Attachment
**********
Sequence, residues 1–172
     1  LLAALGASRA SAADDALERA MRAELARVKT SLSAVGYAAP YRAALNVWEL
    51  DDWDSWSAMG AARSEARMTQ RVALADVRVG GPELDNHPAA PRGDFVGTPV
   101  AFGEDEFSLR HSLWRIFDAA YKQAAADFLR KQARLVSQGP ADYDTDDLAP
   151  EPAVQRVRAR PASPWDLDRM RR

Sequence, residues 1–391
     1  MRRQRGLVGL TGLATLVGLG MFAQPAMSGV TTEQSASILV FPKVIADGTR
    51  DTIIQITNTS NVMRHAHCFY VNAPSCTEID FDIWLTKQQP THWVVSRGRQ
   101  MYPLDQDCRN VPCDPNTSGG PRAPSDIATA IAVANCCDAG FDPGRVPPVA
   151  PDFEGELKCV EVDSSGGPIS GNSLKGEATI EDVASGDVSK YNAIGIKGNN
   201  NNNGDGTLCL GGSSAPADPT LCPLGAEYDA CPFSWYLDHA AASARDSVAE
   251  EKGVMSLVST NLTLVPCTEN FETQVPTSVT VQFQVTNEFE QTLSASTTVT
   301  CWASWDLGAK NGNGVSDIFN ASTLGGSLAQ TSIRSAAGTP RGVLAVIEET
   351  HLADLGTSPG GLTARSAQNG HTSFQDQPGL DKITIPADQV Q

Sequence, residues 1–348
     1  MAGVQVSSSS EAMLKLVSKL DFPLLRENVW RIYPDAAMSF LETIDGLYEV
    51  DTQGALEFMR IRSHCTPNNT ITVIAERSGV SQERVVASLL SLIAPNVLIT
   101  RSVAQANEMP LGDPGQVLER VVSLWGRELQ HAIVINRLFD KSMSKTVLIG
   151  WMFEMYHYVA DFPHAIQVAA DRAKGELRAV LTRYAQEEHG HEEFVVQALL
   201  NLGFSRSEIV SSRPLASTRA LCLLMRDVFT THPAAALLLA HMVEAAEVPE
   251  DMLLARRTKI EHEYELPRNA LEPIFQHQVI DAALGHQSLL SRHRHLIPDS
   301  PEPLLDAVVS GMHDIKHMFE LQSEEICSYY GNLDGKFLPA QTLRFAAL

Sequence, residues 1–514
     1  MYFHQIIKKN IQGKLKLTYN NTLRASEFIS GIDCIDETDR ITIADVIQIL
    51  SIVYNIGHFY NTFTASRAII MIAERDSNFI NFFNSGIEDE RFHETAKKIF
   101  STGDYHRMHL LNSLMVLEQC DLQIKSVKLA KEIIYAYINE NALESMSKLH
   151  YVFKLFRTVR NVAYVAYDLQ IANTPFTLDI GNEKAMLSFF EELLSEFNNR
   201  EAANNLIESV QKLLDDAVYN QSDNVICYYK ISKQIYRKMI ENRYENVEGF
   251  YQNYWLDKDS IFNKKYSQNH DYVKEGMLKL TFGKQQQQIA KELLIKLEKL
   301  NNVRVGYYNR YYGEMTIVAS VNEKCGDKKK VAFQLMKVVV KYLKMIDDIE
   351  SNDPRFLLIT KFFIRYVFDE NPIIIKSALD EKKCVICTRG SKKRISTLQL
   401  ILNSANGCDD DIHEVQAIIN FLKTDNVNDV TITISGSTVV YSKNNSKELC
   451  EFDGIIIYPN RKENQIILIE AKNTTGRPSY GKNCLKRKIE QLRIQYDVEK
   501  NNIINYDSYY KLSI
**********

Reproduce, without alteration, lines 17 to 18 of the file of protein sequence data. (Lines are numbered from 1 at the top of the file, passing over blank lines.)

    51  DTQGALEFMR IRSHCTPNNT ITVIAERSGV SQERVVASLL SLIAPNVLIT
   101  RSVAQANEMP LGDPGQVLER VVSLWGRELQ HAIVINRLFD KSMSKTVLIG